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"Full dinner pail" lantern from William McKinley and Theodore Roosevelt's 1900 campaign

One of the major reasons for calling delegates to Philadelphia in 1787 was to resolve economic problems arising from the Articles of Confederation. We expect our presidents to maintain prosperity, resolve disruptive strikes, keep employment full and the various markets healthy.

Even though his power to control the economy is actually quite limited, woe to the chief executive who governs during an economic downturn and is perceived as ineffectual or indifferent. The politician in each president knows what it takes to remain popular. In the words of political consultant James Carville, "It's the economy, stupid."

 Button from William J. Clinton's 1992 campaign
Candidates run on the promise of creating sustained economic prosperity, and the public expects them to deliver. One of the ongoing debates in American history has been the degree to which the government should protect local industries versus encourage free trade. At times this hotly contested issue has dominated presidential elections.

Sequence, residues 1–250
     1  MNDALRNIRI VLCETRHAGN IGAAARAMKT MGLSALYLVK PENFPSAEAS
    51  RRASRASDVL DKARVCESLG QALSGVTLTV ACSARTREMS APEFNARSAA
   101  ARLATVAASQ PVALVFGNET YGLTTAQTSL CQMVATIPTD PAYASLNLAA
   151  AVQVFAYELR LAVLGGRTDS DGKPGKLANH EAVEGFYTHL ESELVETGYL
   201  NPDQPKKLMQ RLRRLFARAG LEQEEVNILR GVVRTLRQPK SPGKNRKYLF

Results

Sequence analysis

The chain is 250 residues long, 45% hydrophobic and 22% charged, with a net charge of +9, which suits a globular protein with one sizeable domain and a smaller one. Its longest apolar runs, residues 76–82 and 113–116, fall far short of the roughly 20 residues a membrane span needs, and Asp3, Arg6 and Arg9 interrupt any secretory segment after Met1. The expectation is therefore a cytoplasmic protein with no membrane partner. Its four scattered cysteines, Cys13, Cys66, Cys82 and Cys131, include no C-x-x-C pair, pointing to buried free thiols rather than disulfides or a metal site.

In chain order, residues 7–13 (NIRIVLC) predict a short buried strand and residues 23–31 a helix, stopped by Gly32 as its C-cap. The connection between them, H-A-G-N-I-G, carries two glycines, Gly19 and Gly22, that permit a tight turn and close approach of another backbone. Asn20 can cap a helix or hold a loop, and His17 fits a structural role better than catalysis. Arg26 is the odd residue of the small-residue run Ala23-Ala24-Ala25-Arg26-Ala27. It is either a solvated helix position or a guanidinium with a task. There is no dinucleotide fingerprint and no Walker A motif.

Truckers' protest poster
The increasing influence of the federal government over the economy has led many Americans to expect the president to maintain the nation's financial health. This includes restraining the price of oil, controlling inflation, and providing a reasonable minimum-wage standard.
 Pullman strike photograph
In the name of national security or preserving the general welfare, presidents have used their office to settle labor disputes or affect business practices. Both unions and companies have suffered the consequences of presidential wrath.

In 1894 President Grover Cleveland ordered federal troops in Chicago to break a strike against the Pullman Palace Car Company that was threatening to disrupt the nationwide rail system.

Courtesy of Library of Congress

 Trustbusting cartoon

President Theodore Roosevelt led a campaign against the abuses of large monopolies and called for several corporations, including Standard Oil, to be broken up. This cartoon from the November 4, 1906, St. Louis Post-Dispatch shows Roosevelt aiming a cannon at the oil trust.

Courtesy of St. Louis Post-Dispatch


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